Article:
Franchere, more conservative, comes nearer the truth: “The geographer Pinkerton is assuredly mistaken, when he gives these mountains an elevation of but three thousand feet above the level of the sea; from my own observations I would not hesitate to give them six thousand; we attained, in crossing them, an elevation probably of fifteen hundred feet above the valleys, and were not, perhaps, nearer than half way of their total height, while the valleys themselves must be considerably elevated above the level of the Pacific, considering the prodigious number of rapids and falls which are met with in the Columbia, from the first falls to Canoe River.

“Be that as it may, if these mountains yield to the Andes in elevation and extent, they very much surpass in both respects the Appalachian chain, regarded until recently as the principal mountains of North America; they give rise, accordingly, to an infinity of streams, and to the greatest rivers of the continent.”

Ross Cox3 goes to the other extreme: “The height of the Rocky Mountains varies considerably. The table land which we crossed I should take to be about 11,000 feet above the level of the sea. From the immense number of rapids we had to cross in ascending the Columbia, and its precipitous bed above the lakes, I consider that at their base the mountains cannot be much under 8000 feet above the level of the Pacific; and from the valley of Canoe River to the level parts of the heights of land cannot be less than 3000 feet, but the actual altitude of their highest summits must be much greater. They are covered with eternal snow and ice, and will probably be forever inaccessible to man.” Thus we see that by the time David Douglas crossed the pass, in 1827, there was already a well-established tradition as to the exalted heights supposed to flank the Height of Land. Douglas saw the mountains under the snow conditions preceding spring, and this may also have added to his perplexity. Too much blame, therefore, must not be placed upon Douglas as the originator of the over-estimated figures of altitude, and we had best be content to retain Douglas’ accounts of his doings as a charming historic story, and not inquire too earnestly into the facts of the case.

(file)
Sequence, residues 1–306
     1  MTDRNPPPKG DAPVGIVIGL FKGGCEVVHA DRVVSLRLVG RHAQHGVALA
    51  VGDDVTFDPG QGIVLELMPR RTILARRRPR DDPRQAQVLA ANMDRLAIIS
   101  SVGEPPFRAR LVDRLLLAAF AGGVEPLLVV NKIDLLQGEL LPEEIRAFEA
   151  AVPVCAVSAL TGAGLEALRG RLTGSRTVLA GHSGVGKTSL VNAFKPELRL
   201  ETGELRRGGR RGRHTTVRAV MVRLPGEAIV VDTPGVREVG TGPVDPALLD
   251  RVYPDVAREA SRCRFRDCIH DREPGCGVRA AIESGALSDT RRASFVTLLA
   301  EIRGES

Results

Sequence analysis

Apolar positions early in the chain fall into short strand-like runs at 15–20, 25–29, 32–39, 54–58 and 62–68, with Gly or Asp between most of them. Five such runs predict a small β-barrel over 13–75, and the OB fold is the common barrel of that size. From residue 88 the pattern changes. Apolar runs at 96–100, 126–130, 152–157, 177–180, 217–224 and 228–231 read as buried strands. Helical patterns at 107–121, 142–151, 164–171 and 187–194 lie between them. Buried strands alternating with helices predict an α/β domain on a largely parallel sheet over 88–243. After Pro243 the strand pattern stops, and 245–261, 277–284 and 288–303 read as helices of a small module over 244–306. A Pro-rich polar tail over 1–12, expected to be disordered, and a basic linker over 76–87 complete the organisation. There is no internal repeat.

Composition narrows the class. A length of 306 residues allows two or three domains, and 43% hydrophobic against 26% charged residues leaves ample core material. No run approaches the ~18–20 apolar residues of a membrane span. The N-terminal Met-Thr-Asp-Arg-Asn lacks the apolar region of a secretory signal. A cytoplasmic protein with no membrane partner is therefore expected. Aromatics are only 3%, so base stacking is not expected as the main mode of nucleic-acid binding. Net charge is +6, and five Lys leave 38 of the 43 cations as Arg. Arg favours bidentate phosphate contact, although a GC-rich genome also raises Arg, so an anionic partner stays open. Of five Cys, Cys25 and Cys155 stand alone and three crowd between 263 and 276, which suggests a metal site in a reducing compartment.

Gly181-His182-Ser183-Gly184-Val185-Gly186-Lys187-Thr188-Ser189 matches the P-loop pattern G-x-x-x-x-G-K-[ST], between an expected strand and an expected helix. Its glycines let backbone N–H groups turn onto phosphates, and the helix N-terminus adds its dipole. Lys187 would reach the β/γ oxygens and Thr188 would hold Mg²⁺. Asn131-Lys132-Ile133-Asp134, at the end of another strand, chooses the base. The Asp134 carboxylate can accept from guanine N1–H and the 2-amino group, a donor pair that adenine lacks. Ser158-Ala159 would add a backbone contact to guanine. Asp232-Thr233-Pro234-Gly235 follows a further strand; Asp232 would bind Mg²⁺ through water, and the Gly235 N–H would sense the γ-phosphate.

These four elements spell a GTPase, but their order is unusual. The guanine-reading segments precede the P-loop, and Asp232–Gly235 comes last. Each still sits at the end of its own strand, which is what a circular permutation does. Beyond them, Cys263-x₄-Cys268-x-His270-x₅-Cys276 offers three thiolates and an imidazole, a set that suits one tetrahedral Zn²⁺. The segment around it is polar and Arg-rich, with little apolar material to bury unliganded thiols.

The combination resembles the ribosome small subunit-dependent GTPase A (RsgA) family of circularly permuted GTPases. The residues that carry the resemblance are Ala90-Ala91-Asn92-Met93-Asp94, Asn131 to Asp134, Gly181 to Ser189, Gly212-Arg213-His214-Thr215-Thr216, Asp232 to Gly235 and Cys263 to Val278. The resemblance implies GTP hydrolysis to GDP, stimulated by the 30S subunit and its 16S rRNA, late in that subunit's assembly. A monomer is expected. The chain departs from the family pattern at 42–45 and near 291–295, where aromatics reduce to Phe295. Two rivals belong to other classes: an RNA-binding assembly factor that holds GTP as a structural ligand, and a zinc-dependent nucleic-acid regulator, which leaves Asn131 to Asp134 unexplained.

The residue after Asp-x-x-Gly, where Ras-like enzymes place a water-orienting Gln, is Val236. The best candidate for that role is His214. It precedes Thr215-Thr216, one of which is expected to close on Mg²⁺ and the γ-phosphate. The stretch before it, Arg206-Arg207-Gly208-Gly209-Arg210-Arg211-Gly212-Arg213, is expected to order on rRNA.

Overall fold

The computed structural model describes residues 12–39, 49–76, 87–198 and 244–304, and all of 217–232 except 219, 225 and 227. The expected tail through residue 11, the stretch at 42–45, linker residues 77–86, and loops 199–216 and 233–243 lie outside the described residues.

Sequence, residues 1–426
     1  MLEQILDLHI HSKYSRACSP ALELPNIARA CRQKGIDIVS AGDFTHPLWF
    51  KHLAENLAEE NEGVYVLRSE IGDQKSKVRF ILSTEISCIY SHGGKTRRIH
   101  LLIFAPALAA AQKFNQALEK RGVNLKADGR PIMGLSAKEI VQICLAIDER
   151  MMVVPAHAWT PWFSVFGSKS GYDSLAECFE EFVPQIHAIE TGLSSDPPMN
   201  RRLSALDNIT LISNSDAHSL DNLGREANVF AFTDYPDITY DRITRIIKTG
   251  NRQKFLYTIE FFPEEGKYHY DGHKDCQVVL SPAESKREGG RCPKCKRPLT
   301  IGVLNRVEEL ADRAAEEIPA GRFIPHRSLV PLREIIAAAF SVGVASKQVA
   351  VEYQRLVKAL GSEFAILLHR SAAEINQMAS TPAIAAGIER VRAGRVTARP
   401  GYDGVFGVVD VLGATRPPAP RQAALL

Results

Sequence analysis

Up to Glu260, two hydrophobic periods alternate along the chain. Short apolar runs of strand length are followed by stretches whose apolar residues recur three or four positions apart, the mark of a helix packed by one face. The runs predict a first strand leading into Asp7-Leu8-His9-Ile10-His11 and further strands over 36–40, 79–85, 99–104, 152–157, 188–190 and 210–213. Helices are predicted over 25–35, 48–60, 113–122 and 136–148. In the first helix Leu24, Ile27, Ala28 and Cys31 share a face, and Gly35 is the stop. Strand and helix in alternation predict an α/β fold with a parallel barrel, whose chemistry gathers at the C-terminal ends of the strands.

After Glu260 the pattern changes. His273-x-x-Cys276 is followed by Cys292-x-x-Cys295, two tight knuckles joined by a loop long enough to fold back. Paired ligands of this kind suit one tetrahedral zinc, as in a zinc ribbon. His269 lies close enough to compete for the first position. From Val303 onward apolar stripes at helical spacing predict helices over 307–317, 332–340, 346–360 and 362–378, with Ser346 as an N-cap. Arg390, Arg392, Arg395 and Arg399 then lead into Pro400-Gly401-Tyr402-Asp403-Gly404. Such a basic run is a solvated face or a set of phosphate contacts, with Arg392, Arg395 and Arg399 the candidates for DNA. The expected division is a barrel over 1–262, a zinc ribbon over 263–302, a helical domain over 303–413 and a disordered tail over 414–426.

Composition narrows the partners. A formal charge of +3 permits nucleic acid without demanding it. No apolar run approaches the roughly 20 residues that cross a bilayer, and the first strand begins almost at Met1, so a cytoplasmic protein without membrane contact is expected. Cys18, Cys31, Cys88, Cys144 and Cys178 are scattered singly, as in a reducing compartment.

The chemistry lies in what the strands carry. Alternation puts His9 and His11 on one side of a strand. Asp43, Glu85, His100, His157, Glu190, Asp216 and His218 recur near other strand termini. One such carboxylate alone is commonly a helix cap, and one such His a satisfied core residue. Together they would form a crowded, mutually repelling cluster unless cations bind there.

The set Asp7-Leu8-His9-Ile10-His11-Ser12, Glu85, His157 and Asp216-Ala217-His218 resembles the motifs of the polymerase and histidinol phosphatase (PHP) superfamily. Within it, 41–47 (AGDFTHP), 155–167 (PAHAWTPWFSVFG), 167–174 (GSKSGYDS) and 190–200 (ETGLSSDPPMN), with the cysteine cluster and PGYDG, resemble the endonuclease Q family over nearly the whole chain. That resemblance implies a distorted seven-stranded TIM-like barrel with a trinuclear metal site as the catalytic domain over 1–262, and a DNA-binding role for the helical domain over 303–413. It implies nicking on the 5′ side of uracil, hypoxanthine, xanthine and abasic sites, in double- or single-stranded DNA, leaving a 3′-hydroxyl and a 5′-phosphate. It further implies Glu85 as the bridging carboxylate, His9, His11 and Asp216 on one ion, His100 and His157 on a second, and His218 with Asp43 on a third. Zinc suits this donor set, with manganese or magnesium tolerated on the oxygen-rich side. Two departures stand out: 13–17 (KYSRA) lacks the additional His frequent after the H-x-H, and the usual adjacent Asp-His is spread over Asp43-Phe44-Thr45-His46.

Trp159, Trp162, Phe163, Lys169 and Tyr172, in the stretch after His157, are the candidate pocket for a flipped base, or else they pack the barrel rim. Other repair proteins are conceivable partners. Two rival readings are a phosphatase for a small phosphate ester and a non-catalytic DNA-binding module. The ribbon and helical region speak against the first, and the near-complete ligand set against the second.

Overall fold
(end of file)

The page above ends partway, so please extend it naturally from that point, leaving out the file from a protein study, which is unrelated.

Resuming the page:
Douglas wrote two journals—a lengthy one, on the trail; and a shorter, done apparently after his return to England. From the shorter journal we quote: “After Breakfast, about one o’clock, being well refreshed, I set out with the view of ascending what appeared to be the highest peak on the North or left-hand side. The height from its apparent base exceeds 6000 feet, 17000 feet above the level of the sea.